Spalding Guardian Gardening 25 May 2013
Last year, about this time, I got the urge to grow sweet potatoes. It has taken me a long time to like this vegetable, but now Iíve got the taste, it makes sense to grow some at home.
I sent off an order to a well-known plant and seed company, who forgot to send it. However, they did remember this spring, and quite unexpectedly last week, I received a small bundle of Ďslipsí (forced cuttings from the roots) in the post.
OK, I thought, I wasnít planning on growing them this season, but they will come in useful for helping to fill up the greenhouse at the Patch (often referred to as the summer greenhouse as it is only used during the summer months), along with various other half-hardy vegetables. There were 10 slips in all, the bases wrapped in damp, absorbent paper, and looked rather sad. The instructions suggested they should be put in a glass of water for a few hours to revive them; I did this and they all promptly collapsed.
Quite bizarrely, after 24 hours of looking as though their next home would be the compost heap, they suddenly perked up. Roots started forming at the submerged leaf joints, so I will plant them up in toilet roll tubes of multipurpose compost until they have a root system big enough to pot them on.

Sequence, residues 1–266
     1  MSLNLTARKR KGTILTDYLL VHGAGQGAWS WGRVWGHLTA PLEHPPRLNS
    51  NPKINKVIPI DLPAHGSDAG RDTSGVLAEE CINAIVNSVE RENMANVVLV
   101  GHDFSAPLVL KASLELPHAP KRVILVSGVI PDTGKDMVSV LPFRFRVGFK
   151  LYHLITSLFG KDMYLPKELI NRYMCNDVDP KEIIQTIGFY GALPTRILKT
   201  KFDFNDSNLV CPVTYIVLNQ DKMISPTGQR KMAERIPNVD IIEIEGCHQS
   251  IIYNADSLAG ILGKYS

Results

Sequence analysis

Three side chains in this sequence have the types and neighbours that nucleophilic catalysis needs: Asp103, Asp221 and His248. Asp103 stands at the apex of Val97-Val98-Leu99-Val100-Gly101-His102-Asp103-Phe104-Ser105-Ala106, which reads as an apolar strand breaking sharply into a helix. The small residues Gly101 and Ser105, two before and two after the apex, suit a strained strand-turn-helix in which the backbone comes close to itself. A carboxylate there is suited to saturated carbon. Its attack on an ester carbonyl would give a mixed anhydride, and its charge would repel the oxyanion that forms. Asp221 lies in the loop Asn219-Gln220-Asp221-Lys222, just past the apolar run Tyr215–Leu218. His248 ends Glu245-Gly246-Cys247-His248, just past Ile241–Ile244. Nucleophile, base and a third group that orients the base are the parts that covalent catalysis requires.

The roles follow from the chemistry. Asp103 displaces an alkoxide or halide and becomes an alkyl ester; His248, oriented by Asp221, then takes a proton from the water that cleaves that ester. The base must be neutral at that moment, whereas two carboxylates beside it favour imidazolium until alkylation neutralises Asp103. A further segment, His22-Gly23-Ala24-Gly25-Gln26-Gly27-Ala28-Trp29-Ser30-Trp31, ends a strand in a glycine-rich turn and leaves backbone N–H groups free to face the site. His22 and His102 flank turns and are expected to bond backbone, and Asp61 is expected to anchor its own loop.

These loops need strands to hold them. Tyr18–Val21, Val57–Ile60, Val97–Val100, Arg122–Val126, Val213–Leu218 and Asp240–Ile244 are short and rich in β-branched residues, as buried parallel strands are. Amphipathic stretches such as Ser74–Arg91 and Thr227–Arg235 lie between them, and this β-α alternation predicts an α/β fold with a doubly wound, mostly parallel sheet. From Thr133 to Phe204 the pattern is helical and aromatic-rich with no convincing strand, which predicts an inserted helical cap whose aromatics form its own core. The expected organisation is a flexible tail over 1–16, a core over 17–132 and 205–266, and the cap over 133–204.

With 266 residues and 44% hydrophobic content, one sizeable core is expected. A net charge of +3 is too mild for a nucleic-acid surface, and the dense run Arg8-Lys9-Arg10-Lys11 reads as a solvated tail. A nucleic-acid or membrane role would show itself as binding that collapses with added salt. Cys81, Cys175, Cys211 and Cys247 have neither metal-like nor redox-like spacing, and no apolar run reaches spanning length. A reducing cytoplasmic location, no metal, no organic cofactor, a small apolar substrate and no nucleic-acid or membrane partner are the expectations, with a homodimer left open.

Sweet potatoes are closely related to bindweed and morning glories. They are tropical plants, and although newer varieties allow them to be grown outdoors in favourable spots, I shall not risk it and they will be planted up in big pots and raised under glass throughout the season. Like many other glasshouse vegetable crops, they will need a high potash feed about once a week (liquid tomato fertiliser is ideal), and, all being well, the tubers will be ready for harvesting from the end of August.
One thing I didnít realise until I read the instructions, though; the leaves and tips of the young shoots can be cooked as a substitute for spinach. Looking at what is sitting on my window ledge in a tumbler of water at the moment, though, this could be some time in the future!
This piece originally appeared in the Spalding Guardian